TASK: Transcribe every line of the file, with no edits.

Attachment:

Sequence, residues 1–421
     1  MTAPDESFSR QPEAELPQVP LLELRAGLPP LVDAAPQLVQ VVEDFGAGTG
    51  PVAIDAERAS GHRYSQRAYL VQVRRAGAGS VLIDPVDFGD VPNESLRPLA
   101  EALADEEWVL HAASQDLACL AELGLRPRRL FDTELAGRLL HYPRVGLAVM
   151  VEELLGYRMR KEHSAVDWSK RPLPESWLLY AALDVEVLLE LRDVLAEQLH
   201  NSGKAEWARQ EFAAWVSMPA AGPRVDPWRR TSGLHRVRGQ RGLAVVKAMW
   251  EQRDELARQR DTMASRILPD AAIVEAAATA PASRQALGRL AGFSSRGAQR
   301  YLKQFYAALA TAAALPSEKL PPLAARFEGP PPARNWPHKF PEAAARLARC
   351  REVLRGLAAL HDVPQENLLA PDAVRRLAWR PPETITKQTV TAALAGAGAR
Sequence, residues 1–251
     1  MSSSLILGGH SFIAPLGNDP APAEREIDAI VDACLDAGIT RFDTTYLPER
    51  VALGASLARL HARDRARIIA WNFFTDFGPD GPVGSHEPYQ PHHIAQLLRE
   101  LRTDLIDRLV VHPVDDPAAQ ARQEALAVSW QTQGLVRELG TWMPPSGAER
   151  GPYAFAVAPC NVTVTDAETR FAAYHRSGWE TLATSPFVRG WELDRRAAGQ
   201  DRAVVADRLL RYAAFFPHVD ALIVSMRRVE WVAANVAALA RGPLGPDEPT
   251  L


Sequence, residues 1–421
     1  MTAPDESFSR QPEAELPQVP LLELRAGLPP LVDAAPQLVQ VVEDFGAGTG
    51  PVAIDAERAS GHRYSQRAYL VQVRRAGAGS VLIDPVDFGD VPNESLRPLA
   101  EALADEEWVL HAASQDLACL AELGLRPRRL FDTELAGRLL HYPRVGLAVM
   151  VEELLGYRMR KEHSAVDWSK RPLPESWLLY AALDVEVLLE LRDVLAEQLH
   201  NSGKAEWARQ EFAAWVSMPA AGPRVDPWRR TSGLHRVRGQ RGLAVVKAMW
   251  EQRDELARQR DTMASRILPD AAIVEAAATA PASRQALGRL AGFSSRGAQR
   301  YLKQFYAALA TAAALPSEKL PPLAARFEGP PPARNWPHKF PEAAARLARC
   351  REVLRGLAAL HDVPQENLLA PDAVRRLAWR PPETITKQTV TAALAGAGAR
Sequence, residues 1–251
     1  MSSSLILGGH SFIAPLGNDP APAEREIDAI VDACLDAGIT RFDTTYLPER
    51  VALGASLARL HARDRARIIA WNFFTDFGPD GPVGSHEPYQ PHHIAQLLRE
   101  LRTDLIDRLV VHPVDDPAAQ ARQEALAVSW QTQGLVRELG TWMPPSGAER
   151  GPYAFAVAPC NVTVTDAETR FAAYHRSGWE TLATSPFVRG WELDRRAAGQ
   201  DRAVVADRLL RYAAFFPHVD ALIVSMRRVE WVAANVAALA RGPLGPDEPT
   251  L